How to Improve Sports

Upon a lot of reflection and thought I have come up several ways to improve sports to make them easier to officiate, easier for fans to follow and more exciting for everyone.

Let us start with the sport that is capturing most of the world’s attention, but not all that much in the United States.   First of of all, while I recognize the game is known as futbol in most of the world since soccer is an alternate name I suggest that be its world wide name as well. No doubt the National Football League would be with me on this since they still have dreams of taking their sport world wide. Lets get rid of any confusion. 

But I am not done with soccer. I would make a few rules changes which will never happen, but which I personally think would make for a better game. Number one I would eliminate any off-sides calls. If a team wants to run a fast break type offense with players leaking out to take long passes let them. It would result in more scoring chances and exciting plays. It works in basketball and is the most exciting form of the game.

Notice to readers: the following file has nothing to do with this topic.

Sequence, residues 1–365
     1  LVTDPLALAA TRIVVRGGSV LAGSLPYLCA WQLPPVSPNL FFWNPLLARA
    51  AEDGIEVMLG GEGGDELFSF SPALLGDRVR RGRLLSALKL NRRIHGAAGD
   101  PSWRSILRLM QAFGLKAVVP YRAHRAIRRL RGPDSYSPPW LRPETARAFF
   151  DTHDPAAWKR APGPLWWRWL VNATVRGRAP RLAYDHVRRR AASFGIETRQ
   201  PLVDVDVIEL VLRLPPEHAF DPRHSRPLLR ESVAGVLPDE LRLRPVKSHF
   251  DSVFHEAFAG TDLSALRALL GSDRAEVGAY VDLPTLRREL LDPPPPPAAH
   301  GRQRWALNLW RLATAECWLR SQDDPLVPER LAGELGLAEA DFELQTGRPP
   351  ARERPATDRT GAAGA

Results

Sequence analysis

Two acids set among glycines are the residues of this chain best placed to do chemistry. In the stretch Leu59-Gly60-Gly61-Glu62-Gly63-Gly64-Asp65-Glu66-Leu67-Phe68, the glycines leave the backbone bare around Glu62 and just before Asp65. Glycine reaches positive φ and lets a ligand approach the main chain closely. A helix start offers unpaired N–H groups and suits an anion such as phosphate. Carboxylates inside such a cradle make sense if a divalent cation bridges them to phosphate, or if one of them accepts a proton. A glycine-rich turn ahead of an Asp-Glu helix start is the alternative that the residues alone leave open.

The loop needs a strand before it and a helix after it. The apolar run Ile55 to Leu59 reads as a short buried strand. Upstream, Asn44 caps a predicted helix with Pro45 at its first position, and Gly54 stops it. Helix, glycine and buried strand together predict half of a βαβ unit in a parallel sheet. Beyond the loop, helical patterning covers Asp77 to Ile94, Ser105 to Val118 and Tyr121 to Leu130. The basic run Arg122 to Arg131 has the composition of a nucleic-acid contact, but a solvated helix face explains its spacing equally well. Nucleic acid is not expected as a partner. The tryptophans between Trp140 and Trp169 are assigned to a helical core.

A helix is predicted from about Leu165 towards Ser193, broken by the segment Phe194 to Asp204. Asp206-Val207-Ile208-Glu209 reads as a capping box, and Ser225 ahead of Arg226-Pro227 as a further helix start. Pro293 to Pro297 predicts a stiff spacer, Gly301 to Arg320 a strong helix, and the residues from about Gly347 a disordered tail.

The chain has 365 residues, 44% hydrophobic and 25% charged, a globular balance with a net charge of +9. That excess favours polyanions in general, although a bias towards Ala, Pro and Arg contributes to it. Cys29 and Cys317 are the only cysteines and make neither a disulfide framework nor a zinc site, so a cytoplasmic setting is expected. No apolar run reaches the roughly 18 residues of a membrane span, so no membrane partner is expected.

I would also raise the height of the goal by at least a foot and maybe two to give more scoring chances. But the most important change I would make would be to eliminate the use of the head to hit the ball. Not only is this a safety change but in eliminating the “header” I would replace it with the legal use of hands inside the scoring box. The hands could only be used as in volleyball and not to catch and throw, but only to bat the ball. They could not be used outside the box. Only the feet, legs and body could make contact with the ball there. 

And finally to modernize the game I would eliminate “extra time.” The game clock would stop at any point that now extra time is being added. When the clock said :00 at the end of the game the game would be over. Everyone would know exactly how much time had been played.

Moving to hockey I would also eliminate the off side call. More fast break and long passing would take over resulting in more one on one action at the net.